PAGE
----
Two years ago I wrote, ‘I suppose that, as a car enthusiast, you must be well aware of the Parisian Mondial de l’Automobile and this season’s new car launches (including that Jaguar). What you probably don’t know is that only in France can you buy a Motor Show-branded disposable lighter… However, about those cars…’ Fast forward two years and everything is still true. The Paris salon is still in the psyche of us car enthusiasts, Jaguar is on a roll with the F-type fanfare and, yep, just €2 lets you light your Gauloises in style.
So the F-type: yep, it works. Panic averted. Luckily, in the metal, it gains its own identity without suffering the XK’s bloated-ness. Picture how the Corvette or a 350Z is huge yet taut, without straying into an Aston-esque upscale effect. Cast your mind back to Geneva and the Bertone B99 concept too – especially the tail treatment.
Having a retrospective thumb through my library, there is a striking déjà vu moment. Our man in Paris, Steven Ward, sat in the hand-stitched hot seat, so I will let him reflect on the driving position. While strolling the Jaguar stand, AROnline checked out the XF Sportbrake – and rather neat it is too, if rubbish as a load carrier.
We know this because the hand crafted cycle on its optional roof carrier system subliminally tipped us the wink this a lifestyle estate. The loading lip a l-o-n-g way from the ground alerted our physical senses. However, the air suspension will always keep you level, a pretty useful consideration for those who tow. Beautifully integrated, the saloon to station wagon transformation is highly effective but seemingly barely bigger than an XK hatch internally. My advice is sell your children and use the money to buy a Sportbrake.
Sharing a stand with JLR’s sleek executive toys, the new Range Rover stood tall. Inside evolution not revolution is the key. Outside ditto. The incredible single-piece windscreen pillar to rear tail lamp pressing (see images) is a work of art – maybe the Louvre should invite the Range Rover over again? Shame the front door is spoilt with a faux-louvred panel below the door mirror.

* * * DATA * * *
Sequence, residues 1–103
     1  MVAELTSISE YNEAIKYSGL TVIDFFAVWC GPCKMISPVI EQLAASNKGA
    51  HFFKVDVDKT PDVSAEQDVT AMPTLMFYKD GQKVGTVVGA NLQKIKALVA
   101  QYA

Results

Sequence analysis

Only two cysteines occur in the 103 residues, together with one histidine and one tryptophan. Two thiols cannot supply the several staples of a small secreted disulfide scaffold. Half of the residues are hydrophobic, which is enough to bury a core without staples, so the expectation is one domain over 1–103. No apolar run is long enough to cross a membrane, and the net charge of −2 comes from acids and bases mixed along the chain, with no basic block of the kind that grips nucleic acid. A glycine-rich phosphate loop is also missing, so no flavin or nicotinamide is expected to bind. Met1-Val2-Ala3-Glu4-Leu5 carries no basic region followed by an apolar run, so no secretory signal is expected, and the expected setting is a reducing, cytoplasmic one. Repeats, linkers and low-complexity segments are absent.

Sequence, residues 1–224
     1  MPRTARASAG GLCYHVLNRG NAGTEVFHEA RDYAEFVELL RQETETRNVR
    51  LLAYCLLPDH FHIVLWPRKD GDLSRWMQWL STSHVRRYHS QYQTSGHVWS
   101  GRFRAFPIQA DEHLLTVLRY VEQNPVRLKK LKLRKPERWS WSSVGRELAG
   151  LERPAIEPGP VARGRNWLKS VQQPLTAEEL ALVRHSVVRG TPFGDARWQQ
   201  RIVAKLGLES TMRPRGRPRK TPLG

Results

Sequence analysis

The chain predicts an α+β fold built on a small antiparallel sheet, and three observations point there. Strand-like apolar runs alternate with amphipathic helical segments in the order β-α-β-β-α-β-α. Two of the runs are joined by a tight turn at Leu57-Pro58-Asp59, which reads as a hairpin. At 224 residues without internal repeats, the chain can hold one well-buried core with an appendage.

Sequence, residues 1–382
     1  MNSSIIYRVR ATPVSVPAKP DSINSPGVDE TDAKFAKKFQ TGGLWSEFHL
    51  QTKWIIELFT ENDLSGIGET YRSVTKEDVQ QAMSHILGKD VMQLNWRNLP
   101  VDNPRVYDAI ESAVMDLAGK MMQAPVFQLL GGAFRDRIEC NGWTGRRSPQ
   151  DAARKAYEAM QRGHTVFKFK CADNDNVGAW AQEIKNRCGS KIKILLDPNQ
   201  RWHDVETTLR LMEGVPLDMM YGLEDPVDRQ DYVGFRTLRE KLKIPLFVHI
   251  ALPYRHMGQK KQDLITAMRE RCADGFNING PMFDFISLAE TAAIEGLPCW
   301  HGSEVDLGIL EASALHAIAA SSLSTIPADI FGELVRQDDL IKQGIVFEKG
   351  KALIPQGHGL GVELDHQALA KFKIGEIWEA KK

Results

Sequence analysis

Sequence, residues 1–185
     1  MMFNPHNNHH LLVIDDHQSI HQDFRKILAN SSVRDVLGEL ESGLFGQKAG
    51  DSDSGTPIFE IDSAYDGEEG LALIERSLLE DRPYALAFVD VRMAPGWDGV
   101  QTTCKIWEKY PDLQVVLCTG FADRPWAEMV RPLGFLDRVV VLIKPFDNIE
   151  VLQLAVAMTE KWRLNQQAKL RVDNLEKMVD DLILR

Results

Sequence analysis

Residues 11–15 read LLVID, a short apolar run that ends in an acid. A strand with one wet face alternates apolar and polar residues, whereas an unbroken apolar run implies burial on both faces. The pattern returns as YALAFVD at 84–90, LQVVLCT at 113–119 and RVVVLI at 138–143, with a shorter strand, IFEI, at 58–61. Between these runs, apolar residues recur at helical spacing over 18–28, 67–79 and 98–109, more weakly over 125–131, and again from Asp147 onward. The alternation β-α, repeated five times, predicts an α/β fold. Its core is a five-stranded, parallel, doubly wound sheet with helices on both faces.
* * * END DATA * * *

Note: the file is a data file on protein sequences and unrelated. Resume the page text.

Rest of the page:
Unusually, on 22in(!) wheels, it looks correctly tyred. Fiat Marea Weekend owners will appreciate the 20/80 per cent split tailgate, though its shooting seat durability might be in question. Downsides? The back seat – if you need a mobile office, that might be a problem. I’m 5’10” and it is a lofty spring into the back seat (over the noticeably rather firm seat bolstering) while that integral console will prevent you entering one door and exiting on the other side of the pavement too. Not a huge amount of legroom either. All rather suprising really…
Other surprise on the JLR stand? No sight of the Skyfall Defender – maybe Bond needed it for a mission.
The plucky MINI stand featured more new special editions – at a guess the City X, Campus, Popular Plus, B&Q models should be with us before Christmas. My new favourite is the ‘Docklands’ model. The MINI Clubvan appeared again in a fresh livery and thankfully the faux-cockney barrow boy outfits of the Geneva Show MINI staff must be in a Swiss clothes recycling bank now. The Austrian-made Paceman is very pleasant in a kind of ‘latest Civic have they changed it/is it the new one/are we bothered kind of way’. Maybe the metallic brown revolution will end with the dowdy show model. Oddly MINI eschewed any French flair on the stand, a generic all-English approach at odds with my last visit.